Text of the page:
I was excited that Chase Bank was going to do something positive with some of their post-"crises" windfall profits. The financial giant organized Chase Community Giving, a Facebook contest to give away $5 million to charities. An application allowed nonprofit organizations to compete for votes in two rounds; the top 100 vote getters win $25,000 and become eligible for up to $1 million more. The winning organizations were announced late last week but a few organizations are crying foul. I happen to work for one of them, Students for Sensible Drug Policy. SSDP and the Marijuana Policy Project were both noticeably absent from the list of winning organizations yet are confident they placed in the top 100. However, neither received a disqualification notice nor saw the total number of votes they earned.
Two days before voting ended, Chase removed the vote counters that appeared on each organization's page, thereby making it impossible to know exactly where any organization stood on the final day of voting. So how do these organizations know they were in the top 100? SSDP's good friends at the National Youth Rights Association (NYRA), who made it into the first round, kept track of the leaders. NYRA's Executive Director, Alex Koroknay-Palicz explained the situation to the New York Times:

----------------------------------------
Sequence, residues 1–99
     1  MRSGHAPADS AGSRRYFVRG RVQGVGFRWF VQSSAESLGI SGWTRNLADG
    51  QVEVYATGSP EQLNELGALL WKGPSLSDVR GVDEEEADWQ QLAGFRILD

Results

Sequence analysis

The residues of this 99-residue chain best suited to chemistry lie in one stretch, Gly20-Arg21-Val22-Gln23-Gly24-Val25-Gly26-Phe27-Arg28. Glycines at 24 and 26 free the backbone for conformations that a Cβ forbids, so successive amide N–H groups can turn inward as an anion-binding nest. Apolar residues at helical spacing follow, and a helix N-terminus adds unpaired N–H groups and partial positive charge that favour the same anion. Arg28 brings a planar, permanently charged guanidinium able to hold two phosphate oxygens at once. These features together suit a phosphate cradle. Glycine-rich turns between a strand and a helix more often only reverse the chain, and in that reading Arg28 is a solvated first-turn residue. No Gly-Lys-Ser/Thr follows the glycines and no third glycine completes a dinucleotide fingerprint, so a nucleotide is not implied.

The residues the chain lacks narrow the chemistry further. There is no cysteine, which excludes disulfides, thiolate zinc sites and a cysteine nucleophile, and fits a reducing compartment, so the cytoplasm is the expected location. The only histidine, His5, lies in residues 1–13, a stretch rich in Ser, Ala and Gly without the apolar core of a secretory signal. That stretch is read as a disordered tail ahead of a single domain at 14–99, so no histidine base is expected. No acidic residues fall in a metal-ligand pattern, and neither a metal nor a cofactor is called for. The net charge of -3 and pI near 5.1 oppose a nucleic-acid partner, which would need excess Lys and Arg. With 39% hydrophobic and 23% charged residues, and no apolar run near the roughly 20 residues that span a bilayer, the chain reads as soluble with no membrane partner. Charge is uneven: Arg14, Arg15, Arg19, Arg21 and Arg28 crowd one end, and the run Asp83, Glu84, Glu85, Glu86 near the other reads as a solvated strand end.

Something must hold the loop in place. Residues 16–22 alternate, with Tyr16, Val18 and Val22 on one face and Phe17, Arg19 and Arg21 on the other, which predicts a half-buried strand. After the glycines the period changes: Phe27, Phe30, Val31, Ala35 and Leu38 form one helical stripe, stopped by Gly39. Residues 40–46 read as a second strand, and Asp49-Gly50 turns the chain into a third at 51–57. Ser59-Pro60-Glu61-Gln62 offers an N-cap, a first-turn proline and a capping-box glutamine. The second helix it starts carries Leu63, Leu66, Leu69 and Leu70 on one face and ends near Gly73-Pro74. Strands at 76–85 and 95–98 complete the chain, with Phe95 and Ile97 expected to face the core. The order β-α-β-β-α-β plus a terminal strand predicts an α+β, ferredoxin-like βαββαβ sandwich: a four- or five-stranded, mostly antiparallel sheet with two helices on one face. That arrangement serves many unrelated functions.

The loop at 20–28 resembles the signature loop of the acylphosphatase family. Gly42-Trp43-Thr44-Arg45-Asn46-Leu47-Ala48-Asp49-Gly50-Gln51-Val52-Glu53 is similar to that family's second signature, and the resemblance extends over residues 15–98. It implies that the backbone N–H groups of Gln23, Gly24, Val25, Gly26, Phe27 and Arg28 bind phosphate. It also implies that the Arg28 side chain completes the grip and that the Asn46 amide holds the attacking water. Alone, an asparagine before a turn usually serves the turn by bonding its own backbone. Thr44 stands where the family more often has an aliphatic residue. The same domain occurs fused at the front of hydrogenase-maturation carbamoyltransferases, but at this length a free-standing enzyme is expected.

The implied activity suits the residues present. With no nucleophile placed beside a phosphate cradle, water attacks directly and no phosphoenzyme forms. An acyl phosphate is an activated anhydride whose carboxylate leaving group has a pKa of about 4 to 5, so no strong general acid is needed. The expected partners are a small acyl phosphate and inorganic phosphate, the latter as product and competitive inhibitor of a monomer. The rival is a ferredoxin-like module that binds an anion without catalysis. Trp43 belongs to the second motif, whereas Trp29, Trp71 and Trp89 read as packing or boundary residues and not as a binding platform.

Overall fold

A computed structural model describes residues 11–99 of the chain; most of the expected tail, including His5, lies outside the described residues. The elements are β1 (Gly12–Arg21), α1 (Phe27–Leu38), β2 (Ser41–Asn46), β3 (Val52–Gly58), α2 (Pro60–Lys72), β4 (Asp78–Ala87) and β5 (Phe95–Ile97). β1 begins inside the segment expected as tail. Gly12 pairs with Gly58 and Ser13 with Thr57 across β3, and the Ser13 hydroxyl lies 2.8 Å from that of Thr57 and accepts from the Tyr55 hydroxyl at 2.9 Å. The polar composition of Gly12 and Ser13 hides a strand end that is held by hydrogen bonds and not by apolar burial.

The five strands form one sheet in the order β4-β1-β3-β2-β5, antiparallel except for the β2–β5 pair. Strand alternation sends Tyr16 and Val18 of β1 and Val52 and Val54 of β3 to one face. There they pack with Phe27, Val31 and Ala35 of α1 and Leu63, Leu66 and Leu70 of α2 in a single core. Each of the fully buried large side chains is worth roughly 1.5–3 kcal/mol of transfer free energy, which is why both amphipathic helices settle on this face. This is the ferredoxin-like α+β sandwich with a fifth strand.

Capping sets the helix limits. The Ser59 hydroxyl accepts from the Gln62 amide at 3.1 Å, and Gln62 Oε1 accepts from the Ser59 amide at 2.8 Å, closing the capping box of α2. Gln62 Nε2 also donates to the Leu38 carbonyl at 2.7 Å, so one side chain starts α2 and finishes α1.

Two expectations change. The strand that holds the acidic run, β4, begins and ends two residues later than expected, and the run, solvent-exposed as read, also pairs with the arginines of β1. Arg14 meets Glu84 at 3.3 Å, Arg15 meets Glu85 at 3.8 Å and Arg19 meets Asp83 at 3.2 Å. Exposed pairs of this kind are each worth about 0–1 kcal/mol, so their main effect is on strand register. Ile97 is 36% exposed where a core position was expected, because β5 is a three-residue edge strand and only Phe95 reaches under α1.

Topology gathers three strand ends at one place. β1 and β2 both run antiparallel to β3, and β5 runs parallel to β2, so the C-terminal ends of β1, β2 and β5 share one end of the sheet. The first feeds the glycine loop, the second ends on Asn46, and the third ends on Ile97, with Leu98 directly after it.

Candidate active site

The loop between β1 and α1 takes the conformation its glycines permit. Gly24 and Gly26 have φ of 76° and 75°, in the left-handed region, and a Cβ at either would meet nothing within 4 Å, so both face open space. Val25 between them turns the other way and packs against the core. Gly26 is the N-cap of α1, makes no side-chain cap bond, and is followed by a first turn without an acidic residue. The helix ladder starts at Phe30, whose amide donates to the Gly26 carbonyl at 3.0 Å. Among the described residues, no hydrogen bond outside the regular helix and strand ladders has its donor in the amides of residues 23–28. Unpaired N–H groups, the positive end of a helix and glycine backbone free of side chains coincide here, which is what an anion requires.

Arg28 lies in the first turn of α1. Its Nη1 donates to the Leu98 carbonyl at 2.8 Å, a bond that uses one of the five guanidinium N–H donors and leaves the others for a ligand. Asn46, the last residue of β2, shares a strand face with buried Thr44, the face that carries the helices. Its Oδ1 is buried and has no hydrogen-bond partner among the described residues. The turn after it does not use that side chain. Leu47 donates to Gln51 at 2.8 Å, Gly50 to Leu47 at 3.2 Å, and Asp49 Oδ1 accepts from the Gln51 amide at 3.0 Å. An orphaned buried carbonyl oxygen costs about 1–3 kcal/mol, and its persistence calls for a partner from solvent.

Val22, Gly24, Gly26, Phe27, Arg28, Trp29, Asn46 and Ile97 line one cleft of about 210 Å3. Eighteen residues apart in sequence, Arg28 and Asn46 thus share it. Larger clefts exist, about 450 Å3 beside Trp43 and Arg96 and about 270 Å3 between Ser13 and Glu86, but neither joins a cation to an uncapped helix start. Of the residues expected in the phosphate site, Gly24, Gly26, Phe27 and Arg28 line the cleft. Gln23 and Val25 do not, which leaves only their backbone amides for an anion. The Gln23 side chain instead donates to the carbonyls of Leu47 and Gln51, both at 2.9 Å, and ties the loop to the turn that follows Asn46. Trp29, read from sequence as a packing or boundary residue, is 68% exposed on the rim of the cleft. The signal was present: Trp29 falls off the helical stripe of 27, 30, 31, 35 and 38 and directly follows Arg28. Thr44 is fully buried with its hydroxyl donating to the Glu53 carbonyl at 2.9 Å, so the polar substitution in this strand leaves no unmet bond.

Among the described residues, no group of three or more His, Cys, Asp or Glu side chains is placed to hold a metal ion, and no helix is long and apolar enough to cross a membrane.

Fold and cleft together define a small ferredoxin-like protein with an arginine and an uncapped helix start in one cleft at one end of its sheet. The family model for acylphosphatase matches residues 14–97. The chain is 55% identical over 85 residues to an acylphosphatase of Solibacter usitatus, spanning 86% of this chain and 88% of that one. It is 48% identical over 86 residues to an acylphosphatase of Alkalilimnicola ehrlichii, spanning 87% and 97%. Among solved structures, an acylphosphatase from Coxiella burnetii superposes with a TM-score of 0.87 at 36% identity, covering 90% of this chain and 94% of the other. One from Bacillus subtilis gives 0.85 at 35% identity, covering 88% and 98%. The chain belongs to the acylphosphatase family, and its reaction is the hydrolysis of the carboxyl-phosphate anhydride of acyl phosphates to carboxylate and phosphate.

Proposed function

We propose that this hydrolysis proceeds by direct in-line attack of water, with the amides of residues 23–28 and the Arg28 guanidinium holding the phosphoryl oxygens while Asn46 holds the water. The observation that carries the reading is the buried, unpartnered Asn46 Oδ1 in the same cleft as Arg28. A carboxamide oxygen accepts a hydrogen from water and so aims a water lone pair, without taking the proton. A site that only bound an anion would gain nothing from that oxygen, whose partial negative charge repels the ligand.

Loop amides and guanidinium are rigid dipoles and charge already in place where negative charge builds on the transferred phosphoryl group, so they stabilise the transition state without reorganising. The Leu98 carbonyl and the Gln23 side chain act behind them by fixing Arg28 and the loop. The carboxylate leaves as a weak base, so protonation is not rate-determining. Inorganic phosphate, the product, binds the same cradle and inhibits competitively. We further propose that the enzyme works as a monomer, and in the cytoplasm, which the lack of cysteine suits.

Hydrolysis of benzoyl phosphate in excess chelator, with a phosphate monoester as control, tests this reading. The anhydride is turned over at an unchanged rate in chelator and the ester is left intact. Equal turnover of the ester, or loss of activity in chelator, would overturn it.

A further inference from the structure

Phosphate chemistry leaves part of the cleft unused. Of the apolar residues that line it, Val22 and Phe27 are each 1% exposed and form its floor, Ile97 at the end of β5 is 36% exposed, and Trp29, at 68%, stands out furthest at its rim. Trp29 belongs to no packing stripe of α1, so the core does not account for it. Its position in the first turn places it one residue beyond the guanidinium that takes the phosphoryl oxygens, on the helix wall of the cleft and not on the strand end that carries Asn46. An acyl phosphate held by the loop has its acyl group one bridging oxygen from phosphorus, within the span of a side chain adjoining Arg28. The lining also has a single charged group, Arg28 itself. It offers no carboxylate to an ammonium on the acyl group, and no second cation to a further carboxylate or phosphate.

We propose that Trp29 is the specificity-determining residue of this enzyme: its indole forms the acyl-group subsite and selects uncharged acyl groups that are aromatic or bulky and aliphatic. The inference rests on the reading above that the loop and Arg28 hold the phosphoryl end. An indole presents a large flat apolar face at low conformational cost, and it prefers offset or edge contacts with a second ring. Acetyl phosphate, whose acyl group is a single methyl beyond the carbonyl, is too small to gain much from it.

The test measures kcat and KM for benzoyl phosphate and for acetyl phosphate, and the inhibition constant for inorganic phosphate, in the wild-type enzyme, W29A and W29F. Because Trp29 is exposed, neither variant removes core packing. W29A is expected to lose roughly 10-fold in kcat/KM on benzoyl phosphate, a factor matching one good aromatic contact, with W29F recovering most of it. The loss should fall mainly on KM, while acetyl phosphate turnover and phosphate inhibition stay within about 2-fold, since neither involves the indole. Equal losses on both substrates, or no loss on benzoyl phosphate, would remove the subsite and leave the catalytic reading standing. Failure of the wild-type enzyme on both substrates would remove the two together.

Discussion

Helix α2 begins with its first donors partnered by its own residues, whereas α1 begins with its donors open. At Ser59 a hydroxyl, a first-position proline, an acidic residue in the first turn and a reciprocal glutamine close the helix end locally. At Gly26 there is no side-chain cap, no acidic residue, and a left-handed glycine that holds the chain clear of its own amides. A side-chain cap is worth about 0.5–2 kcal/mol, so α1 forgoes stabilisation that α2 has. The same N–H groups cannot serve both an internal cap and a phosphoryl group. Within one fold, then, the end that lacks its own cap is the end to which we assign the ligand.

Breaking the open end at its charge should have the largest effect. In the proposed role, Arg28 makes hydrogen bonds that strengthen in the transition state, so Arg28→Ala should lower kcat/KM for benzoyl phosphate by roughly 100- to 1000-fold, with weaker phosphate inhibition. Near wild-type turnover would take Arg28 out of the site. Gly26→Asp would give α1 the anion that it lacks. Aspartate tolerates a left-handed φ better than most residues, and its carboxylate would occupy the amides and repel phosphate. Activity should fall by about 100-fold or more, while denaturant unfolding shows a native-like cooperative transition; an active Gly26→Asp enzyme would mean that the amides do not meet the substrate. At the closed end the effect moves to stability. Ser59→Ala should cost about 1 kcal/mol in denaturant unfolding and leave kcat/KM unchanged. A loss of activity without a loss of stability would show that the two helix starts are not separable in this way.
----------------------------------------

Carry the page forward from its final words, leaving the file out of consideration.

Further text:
“For the most part, the organizations Chase picked were exactly the organizations we expected to win, because we had spent a lot of time and effort tracking it,” Mr. Koroknay-Palicz said. “So the biggest surprise was SSDP and a couple of pro-life groups, as well as the organization called the Prem Rawat Foundation, didn’t make it, because they had been doing pretty well.”
According to the leader board he created, Students for Sensible Drug Policy collected 2,305 votes through Dec. 9, when organizations no longer could track their votes or see who had voted for them. The Marijuana Policy Project had 1,911 votes, and Justice for All had 1,512.
SSDP was unofficially in fourteenth place two days before voting ended, so it's hard to imagine that we wouldn't make it in the top 100. Chase is unwilling to explain whether groups were disqualified or how the winners were finally determined.
This suggests that Chase decided the appropriate organizations to award their money to. It also implies that non-winners didn't have the public's support. Since most Americans support legalization, it's really no surprise that organizations working on the issue would have make it in the top 100.
Although Chase neither donated money to SSDP nor would explain what happened, they've had no problem providing our banking services for more than three years. Not any more. The organization is boycotting Chase.